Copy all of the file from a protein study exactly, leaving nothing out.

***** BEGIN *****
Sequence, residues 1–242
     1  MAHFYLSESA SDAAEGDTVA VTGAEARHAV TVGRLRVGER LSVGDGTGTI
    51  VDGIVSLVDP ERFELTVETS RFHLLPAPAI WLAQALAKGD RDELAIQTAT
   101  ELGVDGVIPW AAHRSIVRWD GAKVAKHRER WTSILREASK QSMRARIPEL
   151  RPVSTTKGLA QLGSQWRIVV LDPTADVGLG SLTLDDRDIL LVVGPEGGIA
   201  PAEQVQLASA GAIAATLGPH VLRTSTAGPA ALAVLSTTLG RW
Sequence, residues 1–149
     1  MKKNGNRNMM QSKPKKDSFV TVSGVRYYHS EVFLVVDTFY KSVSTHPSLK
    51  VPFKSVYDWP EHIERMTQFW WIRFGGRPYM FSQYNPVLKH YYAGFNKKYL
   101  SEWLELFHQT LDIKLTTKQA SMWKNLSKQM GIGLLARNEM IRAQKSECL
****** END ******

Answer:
Sequence, residues 1–242
     1  MAHFYLSESA SDAAEGDTVA VTGAEARHAV TVGRLRVGER LSVGDGTGTI
    51  VDGIVSLVDP ERFELTVETS RFHLLPAPAI WLAQALAKGD RDELAIQTAT
   101  ELGVDGVIPW AAHRSIVRWD GAKVAKHRER WTSILREASK QSMRARIPEL
   151  RPVSTTKGLA QLGSQWRIVV LDPTADVGLG SLTLDDRDIL LVVGPEGGIA
   201  PAEQVQLASA GAIAATLGPH VLRTSTAGPA ALAVLSTTLG RW
Sequence, residues 1–149
     1  MKKNGNRNMM QSKPKKDSFV TVSGVRYYHS EVFLVVDTFY KSVSTHPSLK
    51  VPFKSVYDWP EHIERMTQFW WIRFGGRPYM FSQYNPVLKH YYAGFNKKYL
   101  SEWLELFHQT LDIKLTTKQA SMWKNLSKQM GIGLLARNEM IRAQKSECL